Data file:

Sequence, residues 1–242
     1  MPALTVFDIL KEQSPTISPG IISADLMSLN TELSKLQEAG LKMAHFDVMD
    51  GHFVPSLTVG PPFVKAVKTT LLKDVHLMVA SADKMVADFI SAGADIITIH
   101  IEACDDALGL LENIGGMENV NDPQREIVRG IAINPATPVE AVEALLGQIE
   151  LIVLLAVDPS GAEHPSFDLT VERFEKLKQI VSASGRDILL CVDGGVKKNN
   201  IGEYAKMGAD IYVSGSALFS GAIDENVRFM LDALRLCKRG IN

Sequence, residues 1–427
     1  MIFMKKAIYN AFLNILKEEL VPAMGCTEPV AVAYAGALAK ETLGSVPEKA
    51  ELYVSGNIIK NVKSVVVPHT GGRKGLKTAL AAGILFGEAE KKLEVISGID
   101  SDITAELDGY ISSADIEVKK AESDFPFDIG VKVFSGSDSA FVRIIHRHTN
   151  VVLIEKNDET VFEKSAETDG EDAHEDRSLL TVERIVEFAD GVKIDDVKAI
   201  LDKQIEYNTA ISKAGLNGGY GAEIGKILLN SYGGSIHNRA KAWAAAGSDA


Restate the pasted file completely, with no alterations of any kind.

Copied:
Sequence, residues 1–242
     1  MPALTVFDIL KEQSPTISPG IISADLMSLN TELSKLQEAG LKMAHFDVMD
    51  GHFVPSLTVG PPFVKAVKTT LLKDVHLMVA SADKMVADFI SAGADIITIH
   101  IEACDDALGL LENIGGMENV NDPQREIVRG IAINPATPVE AVEALLGQIE
   151  LIVLLAVDPS GAEHPSFDLT VERFEKLKQI VSASGRDILL CVDGGVKKNN
   201  IGEYAKMGAD IYVSGSALFS GAIDENVRFM LDALRLCKRG IN

Sequence, residues 1–427
     1  MIFMKKAIYN AFLNILKEEL VPAMGCTEPV AVAYAGALAK ETLGSVPEKA
    51  ELYVSGNIIK NVKSVVVPHT GGRKGLKTAL AAGILFGEAE KKLEVISGID
   101  SDITAELDGY ISSADIEVKK AESDFPFDIG VKVFSGSDSA FVRIIHRHTN
   151  VVLIEKNDET VFEKSAETDG EDAHEDRSLL TVERIVEFAD GVKIDDVKAI
   201  LDKQIEYNTA ISKAGLNGGY GAEIGKILLN SYGGSIHNRA KAWAAAGSDA